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The face selective activity in ventral temporal lobe in macaques

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http://pubman.mpdl.mpg.de/cone/persons/resource/persons84029

Ku,  S-P
Department Physiology of Cognitive Processes, Max Planck Institute for Biological Cybernetics, Max Planck Society;

http://pubman.mpdl.mpg.de/cone/persons/resource/persons84260

Tolias,  AS
Department Physiology of Cognitive Processes, Max Planck Institute for Biological Cybernetics, Max Planck Society;

http://pubman.mpdl.mpg.de/cone/persons/resource/persons84063

Logothetis,  NK
Department Physiology of Cognitive Processes, Max Planck Institute for Biological Cybernetics, Max Planck Society;

http://pubman.mpdl.mpg.de/cone/persons/resource/persons83937

Goense,  J
Department Physiology of Cognitive Processes, Max Planck Institute for Biological Cybernetics, Max Planck Society;

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Citation

Ku, S.-P., Tolias, A., Logothetis, N., & Goense, J. (2010). The face selective activity in ventral temporal lobe in macaques. Poster presented at 40th Annual Meeting of the Society for Neuroscience (Neuroscience 2010), San Diego, CA, USA.


Cite as: http://hdl.handle.net/11858/00-001M-0000-0013-BD94-E
Abstract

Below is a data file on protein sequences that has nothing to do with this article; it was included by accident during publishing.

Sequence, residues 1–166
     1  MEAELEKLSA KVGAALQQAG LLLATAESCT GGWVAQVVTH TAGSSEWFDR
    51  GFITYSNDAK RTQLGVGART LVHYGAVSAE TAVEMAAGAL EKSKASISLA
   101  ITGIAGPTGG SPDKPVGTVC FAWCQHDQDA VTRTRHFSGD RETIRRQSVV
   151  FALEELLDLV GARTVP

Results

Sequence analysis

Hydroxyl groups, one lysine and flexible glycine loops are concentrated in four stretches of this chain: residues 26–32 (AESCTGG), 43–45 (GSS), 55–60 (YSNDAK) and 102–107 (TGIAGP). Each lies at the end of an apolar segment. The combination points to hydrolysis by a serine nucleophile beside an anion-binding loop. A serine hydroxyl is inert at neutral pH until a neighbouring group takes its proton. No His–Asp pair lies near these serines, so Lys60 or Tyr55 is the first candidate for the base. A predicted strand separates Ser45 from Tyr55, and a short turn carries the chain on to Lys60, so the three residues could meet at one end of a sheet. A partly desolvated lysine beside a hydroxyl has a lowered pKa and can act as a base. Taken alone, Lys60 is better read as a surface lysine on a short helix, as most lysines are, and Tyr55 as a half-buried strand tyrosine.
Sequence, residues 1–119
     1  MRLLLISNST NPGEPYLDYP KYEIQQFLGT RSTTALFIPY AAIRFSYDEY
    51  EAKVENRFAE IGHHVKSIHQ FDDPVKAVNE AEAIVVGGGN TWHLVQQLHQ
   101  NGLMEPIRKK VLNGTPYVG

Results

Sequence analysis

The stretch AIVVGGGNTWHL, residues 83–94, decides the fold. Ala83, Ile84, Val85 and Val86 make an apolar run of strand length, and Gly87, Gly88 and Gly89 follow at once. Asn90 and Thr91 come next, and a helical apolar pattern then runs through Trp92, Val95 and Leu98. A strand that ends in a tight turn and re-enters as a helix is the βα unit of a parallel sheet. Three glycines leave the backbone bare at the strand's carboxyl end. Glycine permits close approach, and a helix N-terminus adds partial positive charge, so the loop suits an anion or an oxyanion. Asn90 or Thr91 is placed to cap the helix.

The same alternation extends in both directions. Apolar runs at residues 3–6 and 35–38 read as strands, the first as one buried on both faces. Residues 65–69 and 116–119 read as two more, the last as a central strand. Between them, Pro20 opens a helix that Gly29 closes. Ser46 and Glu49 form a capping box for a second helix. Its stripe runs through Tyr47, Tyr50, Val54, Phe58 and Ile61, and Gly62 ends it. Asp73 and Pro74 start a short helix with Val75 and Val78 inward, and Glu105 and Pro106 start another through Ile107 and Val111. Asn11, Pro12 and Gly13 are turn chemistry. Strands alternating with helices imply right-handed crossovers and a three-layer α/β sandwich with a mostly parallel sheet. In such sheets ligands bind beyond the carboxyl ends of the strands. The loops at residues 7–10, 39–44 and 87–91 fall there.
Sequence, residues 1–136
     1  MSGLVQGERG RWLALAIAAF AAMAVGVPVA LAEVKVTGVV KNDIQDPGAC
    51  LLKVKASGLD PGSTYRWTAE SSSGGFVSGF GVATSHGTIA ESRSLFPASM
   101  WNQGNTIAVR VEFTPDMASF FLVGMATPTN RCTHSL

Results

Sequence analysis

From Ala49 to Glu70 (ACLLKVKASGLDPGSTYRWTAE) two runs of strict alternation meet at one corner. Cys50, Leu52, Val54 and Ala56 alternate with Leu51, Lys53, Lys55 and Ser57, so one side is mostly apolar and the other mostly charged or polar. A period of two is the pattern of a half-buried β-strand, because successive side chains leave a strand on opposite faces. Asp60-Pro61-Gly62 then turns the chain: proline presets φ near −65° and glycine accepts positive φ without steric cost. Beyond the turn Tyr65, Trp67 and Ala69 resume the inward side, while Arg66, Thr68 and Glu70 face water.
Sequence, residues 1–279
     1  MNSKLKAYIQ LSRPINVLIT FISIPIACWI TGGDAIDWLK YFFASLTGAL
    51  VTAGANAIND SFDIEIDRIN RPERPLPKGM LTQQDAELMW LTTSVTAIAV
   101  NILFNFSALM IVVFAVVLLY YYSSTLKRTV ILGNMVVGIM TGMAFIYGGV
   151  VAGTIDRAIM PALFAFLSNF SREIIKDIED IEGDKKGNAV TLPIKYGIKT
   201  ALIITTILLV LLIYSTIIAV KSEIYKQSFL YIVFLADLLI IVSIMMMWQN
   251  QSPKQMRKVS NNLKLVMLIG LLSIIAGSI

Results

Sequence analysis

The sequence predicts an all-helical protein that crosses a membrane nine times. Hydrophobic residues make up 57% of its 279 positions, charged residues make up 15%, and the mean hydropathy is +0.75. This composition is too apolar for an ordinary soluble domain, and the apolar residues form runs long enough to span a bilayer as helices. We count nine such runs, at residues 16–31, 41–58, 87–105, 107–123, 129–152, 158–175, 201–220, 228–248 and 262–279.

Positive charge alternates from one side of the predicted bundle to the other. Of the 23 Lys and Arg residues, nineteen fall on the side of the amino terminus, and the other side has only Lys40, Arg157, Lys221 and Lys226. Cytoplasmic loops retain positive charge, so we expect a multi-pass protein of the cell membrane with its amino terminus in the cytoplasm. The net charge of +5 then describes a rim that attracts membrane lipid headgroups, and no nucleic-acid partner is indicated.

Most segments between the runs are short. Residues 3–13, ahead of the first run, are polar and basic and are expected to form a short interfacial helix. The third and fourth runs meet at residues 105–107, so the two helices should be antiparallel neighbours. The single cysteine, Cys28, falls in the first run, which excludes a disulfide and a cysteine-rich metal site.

Face perception is one of the most crucial abilities for social animals like humans and nonhuman primates. fMRI-, lesion- and electrophysiology studies in humans and monkeys have indicated the existence of a dedicated and wide-spread face-processing network. In humans the most robust face-selective brain areas are fusiform face area (FFA), occipital face area (OFA) and superior temporal sulcus (STS). However, in monkeys the strongest face selectivity is found predominantly in STS, and no reliable face selectivity has been reported in fusiform gyrus and occipital temporal region. These differences may be a species difference, or they may be due to technical difficulties, because in monkeys the fusiform gyrus and ventral occipital-temporal area are located in regions that are difficult to map with fMRI due to susceptibility artifacts from the ear canal. Here we used an optimized imaging protocol at 7T, which does not suffer from the usual signal loss in inferior temporal areas. We investigated the functional organization of face processing in 5 awake or anesthetized macaques while the subjects viewed faces, fruit, houses and fractal patterns. We found face-specific BOLD responses in STS, anterior medial temporal sulcus (AMTS), the regions anterior and lateral to AMTS and amygdala, consistent with previous fMRI and electrophysiology results. But in addition, entorhinal cortex (EC), ventral TE (posterior to AMTS), and hippocampus also contain face selective patches. These areas have not been reported to be face-selective in monkeys before, although they were shown to be responsive to faces with fMRI or intracortical recording in humans. The results indicate that there is much more extensive face selective brain activity than earlier studies have found in monkey ventral temporal lobe and suggests a large degree of similarity between the human and monkey face-processing network.